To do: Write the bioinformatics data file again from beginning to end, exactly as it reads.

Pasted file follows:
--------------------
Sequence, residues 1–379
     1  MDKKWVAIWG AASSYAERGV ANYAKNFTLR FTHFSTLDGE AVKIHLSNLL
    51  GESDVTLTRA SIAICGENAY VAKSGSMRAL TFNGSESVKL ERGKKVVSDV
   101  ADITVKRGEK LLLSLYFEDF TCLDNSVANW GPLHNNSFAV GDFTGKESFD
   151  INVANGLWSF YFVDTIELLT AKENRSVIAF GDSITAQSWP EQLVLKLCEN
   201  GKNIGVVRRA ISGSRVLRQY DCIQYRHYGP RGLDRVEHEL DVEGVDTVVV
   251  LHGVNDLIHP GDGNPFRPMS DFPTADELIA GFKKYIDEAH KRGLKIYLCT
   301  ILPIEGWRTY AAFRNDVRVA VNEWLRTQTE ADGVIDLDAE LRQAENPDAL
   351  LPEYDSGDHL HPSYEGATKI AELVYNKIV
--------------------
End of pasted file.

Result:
Sequence, residues 1–379
     1  MDKKWVAIWG AASSYAERGV ANYAKNFTLR FTHFSTLDGE AVKIHLSNLL
    51  GESDVTLTRA SIAICGENAY VAKSGSMRAL TFNGSESVKL ERGKKVVSDV
   101  ADITVKRGEK LLLSLYFEDF TCLDNSVANW GPLHNNSFAV GDFTGKESFD
   151  INVANGLWSF YFVDTIELLT AKENRSVIAF GDSITAQSWP EQLVLKLCEN
   201  GKNIGVVRRA ISGSRVLRQY DCIQYRHYGP RGLDRVEHEL DVEGVDTVVV
   251  LHGVNDLIHP GDGNPFRPMS DFPTADELIA GFKKYIDEAH KRGLKIYLCT
   301  ILPIEGWRTY AAFRNDVRVA VNEWLRTQTE ADGVIDLDAE LRQAENPDAL
   351  LPEYDSGDHL HPSYEGATKI AELVYNKIV